GUIDELINES FOR THE RECEPTION OF COMMUNION
As Catcholics, we fully participate in the celebration of the Eucharist when we receive Holy Communion.
We are encouraged to receive Communion devoutly an frequently. In order to be properly disposed to receive Communion,
participants should not be conscious of grave sin and normally should have fasted for one hour. a person who is
conscious of grave sin is not to receive the Body and Blood of the Lord without prior sacramental confession
except for a grave reason where there is no opportunity for confession. In this case, the person is to be
mindful of the obligation to make an act of perfect contrition, including the intention of confessing as soon as
possible (Code of Canon Law, canon 916). A frequent reception of the Sacrament of Penance is encouraged for all.
For Fellow Christians:
We welcome our fellow Christians to this celebration of the Eucharist as our brothers and sisters. We pray
that our common baptism and the action of the Holy Spirit in this Eucharist will draw us closer to one another
and begin to dispel the sad divisions that separate us. We pray that these will lessen and finally disappear,
in keeping with Christ's prayer for us "that they may all be one" (John 17:21).
For those not receiving Holy Communion:
Because Catholics believe that the celebration of the Eucharist is a sign of the reality of the oneness
of fait, life, and worship, members of those churches with whom we are not yet fully united are ordinarily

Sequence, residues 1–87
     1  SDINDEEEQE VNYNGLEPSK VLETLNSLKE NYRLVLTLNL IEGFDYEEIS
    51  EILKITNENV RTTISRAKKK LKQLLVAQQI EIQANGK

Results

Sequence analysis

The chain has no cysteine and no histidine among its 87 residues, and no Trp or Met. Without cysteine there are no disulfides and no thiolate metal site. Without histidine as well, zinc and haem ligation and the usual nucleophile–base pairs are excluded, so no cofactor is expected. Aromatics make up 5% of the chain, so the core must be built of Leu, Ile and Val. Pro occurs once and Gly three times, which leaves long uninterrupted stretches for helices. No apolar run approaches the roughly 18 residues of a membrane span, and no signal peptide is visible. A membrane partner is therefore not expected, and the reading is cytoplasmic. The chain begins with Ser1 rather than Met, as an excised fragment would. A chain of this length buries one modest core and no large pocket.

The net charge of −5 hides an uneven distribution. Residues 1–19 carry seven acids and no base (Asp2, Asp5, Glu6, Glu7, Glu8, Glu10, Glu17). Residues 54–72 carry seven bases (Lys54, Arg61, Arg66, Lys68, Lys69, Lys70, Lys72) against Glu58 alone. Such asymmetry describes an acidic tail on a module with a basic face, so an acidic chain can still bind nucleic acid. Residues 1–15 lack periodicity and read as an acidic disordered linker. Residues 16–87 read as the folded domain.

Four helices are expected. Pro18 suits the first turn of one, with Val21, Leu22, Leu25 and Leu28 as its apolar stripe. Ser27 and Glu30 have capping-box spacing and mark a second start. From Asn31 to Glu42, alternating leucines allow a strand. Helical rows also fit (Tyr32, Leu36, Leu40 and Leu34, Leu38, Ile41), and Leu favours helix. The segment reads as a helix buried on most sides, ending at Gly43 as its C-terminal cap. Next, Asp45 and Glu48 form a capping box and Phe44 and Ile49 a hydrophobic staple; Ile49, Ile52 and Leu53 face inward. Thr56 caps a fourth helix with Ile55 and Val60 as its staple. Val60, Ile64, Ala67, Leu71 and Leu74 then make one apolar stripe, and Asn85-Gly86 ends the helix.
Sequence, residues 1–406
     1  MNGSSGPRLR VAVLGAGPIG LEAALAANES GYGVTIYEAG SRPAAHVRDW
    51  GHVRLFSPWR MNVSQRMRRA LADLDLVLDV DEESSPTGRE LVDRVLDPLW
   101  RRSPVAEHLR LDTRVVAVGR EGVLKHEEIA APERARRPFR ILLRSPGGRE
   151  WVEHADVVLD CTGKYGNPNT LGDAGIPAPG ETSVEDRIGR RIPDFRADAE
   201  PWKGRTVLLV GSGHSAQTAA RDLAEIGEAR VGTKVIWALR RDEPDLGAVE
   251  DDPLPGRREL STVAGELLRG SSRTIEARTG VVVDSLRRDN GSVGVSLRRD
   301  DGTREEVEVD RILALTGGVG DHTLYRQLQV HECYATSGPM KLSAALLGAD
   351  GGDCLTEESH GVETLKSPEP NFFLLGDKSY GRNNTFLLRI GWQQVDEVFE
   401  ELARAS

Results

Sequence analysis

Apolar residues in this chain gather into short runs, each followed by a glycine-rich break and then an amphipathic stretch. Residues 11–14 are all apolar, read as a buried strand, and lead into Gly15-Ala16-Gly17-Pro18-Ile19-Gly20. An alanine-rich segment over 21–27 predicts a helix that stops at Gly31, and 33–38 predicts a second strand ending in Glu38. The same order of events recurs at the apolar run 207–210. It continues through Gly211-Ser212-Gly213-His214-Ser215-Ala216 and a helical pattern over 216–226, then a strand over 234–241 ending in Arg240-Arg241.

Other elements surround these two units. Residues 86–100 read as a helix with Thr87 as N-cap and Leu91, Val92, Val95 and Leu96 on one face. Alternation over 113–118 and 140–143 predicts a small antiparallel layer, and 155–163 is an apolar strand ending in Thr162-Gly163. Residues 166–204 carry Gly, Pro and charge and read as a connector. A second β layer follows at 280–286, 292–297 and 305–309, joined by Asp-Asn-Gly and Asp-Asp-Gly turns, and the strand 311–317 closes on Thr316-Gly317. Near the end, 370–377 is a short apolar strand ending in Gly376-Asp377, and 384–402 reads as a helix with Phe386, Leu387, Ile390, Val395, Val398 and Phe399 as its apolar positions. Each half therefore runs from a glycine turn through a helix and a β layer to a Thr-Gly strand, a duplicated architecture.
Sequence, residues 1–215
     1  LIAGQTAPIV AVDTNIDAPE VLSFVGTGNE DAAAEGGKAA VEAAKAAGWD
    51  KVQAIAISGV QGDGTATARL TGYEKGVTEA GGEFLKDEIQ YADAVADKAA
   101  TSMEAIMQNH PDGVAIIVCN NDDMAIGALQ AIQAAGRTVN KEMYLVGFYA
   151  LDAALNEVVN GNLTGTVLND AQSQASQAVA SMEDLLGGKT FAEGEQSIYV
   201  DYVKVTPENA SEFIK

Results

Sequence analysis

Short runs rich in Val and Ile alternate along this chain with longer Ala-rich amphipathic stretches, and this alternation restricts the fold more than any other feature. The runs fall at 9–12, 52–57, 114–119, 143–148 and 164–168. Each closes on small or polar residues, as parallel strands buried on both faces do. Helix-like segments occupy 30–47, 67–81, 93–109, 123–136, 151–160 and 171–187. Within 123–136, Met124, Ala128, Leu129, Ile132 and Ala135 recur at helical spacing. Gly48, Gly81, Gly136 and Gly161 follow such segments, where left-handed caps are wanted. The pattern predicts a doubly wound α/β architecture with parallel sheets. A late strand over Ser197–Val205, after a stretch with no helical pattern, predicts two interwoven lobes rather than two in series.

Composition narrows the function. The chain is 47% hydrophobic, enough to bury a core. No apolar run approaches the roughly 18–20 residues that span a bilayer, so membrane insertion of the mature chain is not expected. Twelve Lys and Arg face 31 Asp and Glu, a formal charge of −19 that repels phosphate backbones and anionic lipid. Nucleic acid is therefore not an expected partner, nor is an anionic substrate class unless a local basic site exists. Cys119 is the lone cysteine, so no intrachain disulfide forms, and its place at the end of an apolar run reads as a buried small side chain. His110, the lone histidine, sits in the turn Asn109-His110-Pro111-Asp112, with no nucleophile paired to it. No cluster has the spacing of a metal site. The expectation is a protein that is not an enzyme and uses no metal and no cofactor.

not admitted to Holy Communion. Eucharistic sharing inexeptional circumstances by other Christians
requires permission according to the directives of the diocesan bishop and the provisions of canon law (canon 844 § 4).
Members of the Orthodox Churches, the Assyrian Church of the East, and the Polish National Catholic Church
are urged to respect the discipline of their own Churches. According to Roman Catholic discipline, the Code
of Canon Law does not object ot the reception of Communion by Christians of these Churches (canon 844 § 3).
All who are not receiving Holy Communion are encouraged to express in their hearts a prayerful desire for unity
with the Lord Jesus and with one another.
We also welcome to this celebration those who do not share our faith in Jesus Christ. While we cannot admit them to
Holy Communion, we ask them to offer thier prayers for the peace and unity of the human family.
United States Catholic Conference of Bishops
November 1996 ® All rights reserved.
As frequently as possible! Actually, the Church prescribes that Catholics receive the Eucharist at least once per year (during Easter)
but recommends that Catholics partake of the sacrament as frequently as possible (not to exceed two times per day).
After all, if the Eucharist really is what the Church believes, why wouldn’t a person want to receive Christ daily
or at least as often as possible?
Just as is the case with all of the sacraments, the Eucharist instills the very life of God into the recipient.
In other words, they bring grace to the grace needy. Specifically though, the Church teaches that the effects of the
Eucharist are four-fold:
- Our relationship (union) with Christ is deepened
- The supernatural, divine life, in the recipient is increased, strengthening him/her to live a holy, loving,
self-sacrificing Christian life
- The recipient is separated from sin (venial sin is forgiven and the recipient is preserved from mortal sin)
- The recipient is united more firmly to other members of the Church and as such the Church grows in unity
The Eucharistic fast is a one hour fast before receiving Holy Communion to observe a period of reflecting and
spiritual hunger for Our Lord. Only medicine and water are allowed before hand, but if one needs to eat for serious
medical reason this, for pastoral reasons, is allowed.